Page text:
AT: Got it, so as the organization, itself, not yours, but the non-profit or for-profit enterprise for that matter, they have their mission, and purpose, and their reason for existing. What the opportunity of a social enterprise does is sort of create an off-chute business on its own, that you’d have to create its own feasibility, create the vision, make a business plan, such that it can not only generate revenue, but also fulfill on a social purpose that is, in theory, aligned with the overall strategy of the main organization. Is that correct?

BP: Yeah, that’s correct, but it’s interesting because that certainly is the mainstream of social enterprise, but we’ve also seen an interesting thing where a non-profit organization will look at and acquire a business that’s very different than what they do in their existing non-profit. For example, we have a client, the Canadian Mental Health Association, and they actually own and operate a franchise coffee shop, a very well-known brand, a commercial brand franchise.  

When people go and visit that coffee shop, they really have no way of knowing that that’s owned and operated by the Canadian Mental Health Association, but yet, all of the profits from that coffee shop go back into the Canadian Mental Health Association, and they use that to fund many of their programs. Sometimes there’s a very direct connection between the social enterprise and the non-profit’s mission, and sometimes it’s not as direct. Both work.

AT: Cool, so any not-for-profit organization can take on its own start up business, regardless of it’s aligned or not, because you can be in business to make money, and ultimately help people, so they don’t have to be aligned. That’s pretty cool actually. I’d never considered that before.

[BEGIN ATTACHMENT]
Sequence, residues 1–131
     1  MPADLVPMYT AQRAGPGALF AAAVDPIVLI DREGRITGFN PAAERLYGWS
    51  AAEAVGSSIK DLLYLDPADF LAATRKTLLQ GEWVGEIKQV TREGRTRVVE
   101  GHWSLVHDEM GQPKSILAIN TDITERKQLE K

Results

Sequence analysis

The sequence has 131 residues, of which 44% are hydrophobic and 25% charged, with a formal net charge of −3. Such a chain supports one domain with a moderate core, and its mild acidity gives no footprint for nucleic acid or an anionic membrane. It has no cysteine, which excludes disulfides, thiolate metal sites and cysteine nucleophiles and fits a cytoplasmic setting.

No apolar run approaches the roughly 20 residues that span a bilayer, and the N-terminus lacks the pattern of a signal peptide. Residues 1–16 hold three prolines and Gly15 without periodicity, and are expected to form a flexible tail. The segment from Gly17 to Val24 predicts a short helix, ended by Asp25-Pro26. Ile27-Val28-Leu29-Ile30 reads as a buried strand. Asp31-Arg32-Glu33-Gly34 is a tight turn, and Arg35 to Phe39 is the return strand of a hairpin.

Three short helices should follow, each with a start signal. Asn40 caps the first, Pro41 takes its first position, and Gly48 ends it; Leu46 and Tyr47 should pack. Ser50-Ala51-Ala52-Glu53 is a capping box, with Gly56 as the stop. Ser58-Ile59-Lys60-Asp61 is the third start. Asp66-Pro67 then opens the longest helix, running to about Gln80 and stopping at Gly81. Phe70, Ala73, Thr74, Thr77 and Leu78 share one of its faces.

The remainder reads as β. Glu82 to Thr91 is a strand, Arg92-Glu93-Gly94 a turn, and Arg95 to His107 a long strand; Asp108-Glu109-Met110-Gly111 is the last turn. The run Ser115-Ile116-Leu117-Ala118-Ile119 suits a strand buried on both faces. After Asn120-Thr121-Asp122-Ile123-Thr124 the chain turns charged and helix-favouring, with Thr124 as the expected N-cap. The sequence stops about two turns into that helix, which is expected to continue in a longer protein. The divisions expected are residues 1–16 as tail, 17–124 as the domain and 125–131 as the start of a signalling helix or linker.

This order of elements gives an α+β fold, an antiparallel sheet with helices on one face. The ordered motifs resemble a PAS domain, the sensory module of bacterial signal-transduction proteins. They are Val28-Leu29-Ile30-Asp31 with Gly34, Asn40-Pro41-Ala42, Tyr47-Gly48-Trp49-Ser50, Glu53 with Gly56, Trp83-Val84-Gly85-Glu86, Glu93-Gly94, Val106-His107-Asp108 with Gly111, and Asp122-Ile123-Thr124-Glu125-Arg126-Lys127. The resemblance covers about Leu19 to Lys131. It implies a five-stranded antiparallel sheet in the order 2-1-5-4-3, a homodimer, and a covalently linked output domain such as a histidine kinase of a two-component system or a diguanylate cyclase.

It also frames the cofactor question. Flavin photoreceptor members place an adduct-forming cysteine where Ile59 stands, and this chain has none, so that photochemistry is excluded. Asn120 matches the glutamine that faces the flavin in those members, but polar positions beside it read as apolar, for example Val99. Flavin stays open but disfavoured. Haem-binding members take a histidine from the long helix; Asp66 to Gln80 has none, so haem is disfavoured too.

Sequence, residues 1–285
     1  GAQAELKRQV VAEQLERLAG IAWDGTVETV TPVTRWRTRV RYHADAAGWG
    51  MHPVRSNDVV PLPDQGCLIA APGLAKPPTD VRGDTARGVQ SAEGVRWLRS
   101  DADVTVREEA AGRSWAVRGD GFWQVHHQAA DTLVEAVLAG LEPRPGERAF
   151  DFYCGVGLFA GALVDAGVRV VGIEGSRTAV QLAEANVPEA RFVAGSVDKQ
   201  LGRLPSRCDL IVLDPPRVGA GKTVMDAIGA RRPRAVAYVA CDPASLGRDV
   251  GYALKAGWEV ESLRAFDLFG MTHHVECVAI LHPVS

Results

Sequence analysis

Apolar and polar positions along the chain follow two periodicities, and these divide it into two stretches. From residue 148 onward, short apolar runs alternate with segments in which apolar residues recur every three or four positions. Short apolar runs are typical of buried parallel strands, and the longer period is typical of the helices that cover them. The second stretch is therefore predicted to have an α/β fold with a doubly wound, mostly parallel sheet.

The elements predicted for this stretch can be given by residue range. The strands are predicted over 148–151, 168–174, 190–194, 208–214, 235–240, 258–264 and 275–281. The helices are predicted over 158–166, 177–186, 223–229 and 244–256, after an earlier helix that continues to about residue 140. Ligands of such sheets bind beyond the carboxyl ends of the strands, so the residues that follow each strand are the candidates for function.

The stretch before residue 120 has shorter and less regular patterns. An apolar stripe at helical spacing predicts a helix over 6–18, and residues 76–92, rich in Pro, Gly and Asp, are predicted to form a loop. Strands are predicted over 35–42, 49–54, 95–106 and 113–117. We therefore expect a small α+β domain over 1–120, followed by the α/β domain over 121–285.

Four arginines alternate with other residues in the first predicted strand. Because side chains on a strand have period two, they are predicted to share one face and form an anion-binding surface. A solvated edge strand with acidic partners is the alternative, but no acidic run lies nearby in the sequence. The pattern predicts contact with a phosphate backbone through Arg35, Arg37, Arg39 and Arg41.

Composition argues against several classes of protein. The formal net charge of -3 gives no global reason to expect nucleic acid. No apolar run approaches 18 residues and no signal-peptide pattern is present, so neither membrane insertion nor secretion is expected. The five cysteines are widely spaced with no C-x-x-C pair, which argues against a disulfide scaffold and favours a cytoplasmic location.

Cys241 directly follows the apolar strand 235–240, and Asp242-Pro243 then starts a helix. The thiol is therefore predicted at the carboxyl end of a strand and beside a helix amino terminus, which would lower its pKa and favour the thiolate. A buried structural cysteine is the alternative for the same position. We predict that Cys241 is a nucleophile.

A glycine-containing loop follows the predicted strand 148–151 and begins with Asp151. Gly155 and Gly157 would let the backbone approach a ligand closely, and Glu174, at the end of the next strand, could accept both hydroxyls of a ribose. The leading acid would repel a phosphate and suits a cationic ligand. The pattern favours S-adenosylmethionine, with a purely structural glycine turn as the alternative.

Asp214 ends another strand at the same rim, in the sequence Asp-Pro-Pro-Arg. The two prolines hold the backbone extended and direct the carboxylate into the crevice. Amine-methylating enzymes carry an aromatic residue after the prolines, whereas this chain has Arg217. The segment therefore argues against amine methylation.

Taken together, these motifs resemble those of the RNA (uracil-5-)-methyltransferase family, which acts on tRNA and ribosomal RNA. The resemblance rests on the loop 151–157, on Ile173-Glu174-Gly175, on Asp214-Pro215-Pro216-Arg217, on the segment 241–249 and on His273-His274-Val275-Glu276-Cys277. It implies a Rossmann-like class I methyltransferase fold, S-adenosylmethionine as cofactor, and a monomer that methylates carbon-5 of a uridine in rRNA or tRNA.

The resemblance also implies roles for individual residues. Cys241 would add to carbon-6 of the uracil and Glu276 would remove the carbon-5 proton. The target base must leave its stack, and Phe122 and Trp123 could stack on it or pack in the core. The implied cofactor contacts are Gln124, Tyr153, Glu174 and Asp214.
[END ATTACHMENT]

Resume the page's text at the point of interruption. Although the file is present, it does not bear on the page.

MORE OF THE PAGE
BP: Yeah. It’s pretty cool, and another variation that we’ve seen of this that’s probably come around more recently, is really, non-profit organizations looking at existing for-profit organizations that, for whatever reason the owners have maybe reached a stage where they’re thinking about selling or retiring, and wondering what to do about their businesses.

These are great opportunities for a non-profit organization to actually acquire an existing for-profit business, and say, “Look, let us become the owners of the business. We’ll run it, and then we’ll use the profits from that existing business to help us with our social programs.” It’s an interesting time for organizations to consider that, because we have the Baby Boomers retiring. We have them selling their businesses.

The next generation of these families don’t always want to take these businesses over, so we’ve seen several examples where there’s been opportunities for non-profit organizations to acquire significant sized businesses, and really convert them, if you like, to a social enterprise, without having to go through the whole risk of start up.

AT: That’s awesome. That falls under that mandate of not losing money.

BP: Exactly, because one of the benefits of acquiring an existing business is you don’t start from zero. Right? You already have existing customers. You already have existing cash flow. You often are acquiring the opportunity to really expand the business, but usually you’re starting with a good base already.

AT: That’s awesome. Cool, and then they can come talk to you about that as well, if they’re looking to buy a business of that sort?

BP: Absolutely. Yep. We’ve worked with a number of organizations on those types of situations.

AT: Fantastic. Let me sort of take a different path right now, because as I alluded to, we’ve known each other for a long time. I really want to touch on a bit of your experience in the leadership realm, both in the non-profit and in the for-profit side, and ask you about your perspective on creating and implementing strategies with your team.

In this conversation so far, we’ve discussed social enterprises primarily as a strategy or a tactic to fulfill on the vision or mission, but in your experience, both as a founder of a non-profit and as an Executive Director in the private sector, what are two or three of your best practices to creating and leading strategies with teams, that would be applicable to our listeners today?